Maximum number of participants: 25

Frequency of sessions: This can be adapted to be a standalone session or a series of sessions

Duration of one session: Whole day, half day and twilight sessions are all possible

Format:

  • The sessions may be on-line
  • The session(s) may be delivered on-campus (subject to COVID restrictions)
  • The session(s) can be delivered at an alternative venue (subject to COVID restrictions)

 

For more details contact:   c.robb@strath.ac.uk

This is an opportunity to consider how to support young children’s emotional development with a focus on interactions between staff and children. Reflecting the ethos of the recently published National Practice Guidance for Early Years and Early Primary  (Realising the Ambition), this course introduces staff to approaches which move away from behaviour management towards a focus on ‘brain-building’ through engaging in warm, empathic interactions with young children.

 

This course is suitable for the following participants: early years practitioners; primary teachers; and headteachers

Maximum number of participants: 25

Frequency of sessions: This is a standalone session that will run several times throughout the year

Duration of one session: Half day and twilight sessions are possible

Format:

  • The sessions may be on-line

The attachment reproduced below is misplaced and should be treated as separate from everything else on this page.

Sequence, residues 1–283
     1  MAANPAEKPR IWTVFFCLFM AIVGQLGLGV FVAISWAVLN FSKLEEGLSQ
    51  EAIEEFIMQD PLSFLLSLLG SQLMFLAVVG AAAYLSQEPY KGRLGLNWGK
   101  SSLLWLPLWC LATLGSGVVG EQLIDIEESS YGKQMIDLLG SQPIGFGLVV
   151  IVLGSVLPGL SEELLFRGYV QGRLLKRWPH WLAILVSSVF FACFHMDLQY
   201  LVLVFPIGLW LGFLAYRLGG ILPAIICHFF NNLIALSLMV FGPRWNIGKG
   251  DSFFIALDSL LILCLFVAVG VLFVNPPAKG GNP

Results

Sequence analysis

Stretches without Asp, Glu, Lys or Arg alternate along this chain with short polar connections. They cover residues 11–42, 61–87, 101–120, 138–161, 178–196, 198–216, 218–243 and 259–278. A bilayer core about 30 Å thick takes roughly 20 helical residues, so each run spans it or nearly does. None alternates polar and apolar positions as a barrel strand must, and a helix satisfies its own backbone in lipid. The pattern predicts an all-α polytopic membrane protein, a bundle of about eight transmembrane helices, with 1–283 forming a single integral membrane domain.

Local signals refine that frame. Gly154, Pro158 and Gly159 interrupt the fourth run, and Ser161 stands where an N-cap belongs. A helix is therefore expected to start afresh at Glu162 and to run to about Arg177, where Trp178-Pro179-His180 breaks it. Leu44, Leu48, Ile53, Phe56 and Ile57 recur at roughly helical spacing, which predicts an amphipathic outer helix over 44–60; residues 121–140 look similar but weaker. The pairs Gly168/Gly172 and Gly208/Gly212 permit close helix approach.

• The session(s) can be delivered at an alternative venue (subject to COVID restrictions)

 

 

For more details contact:   nicky.shaw@strath.ac.uk

This short course will provide a space and community to discuss and share children’s books. Sessions will start with responding to the texts as readers and will then move onto thinking about how these books can be used in the classroom. We will read and discuss a variety of books from picture-books to novels, depending on interests and suggestions made by teachers involved in the sessions. By reading more children’s books – and reading them as readers and as teachers, the aim is for us to be able to confidently and genuinely discuss and recommend new titles to children in our classes and in this way develop children’s motivation and enthusiasm for reading for pleasure.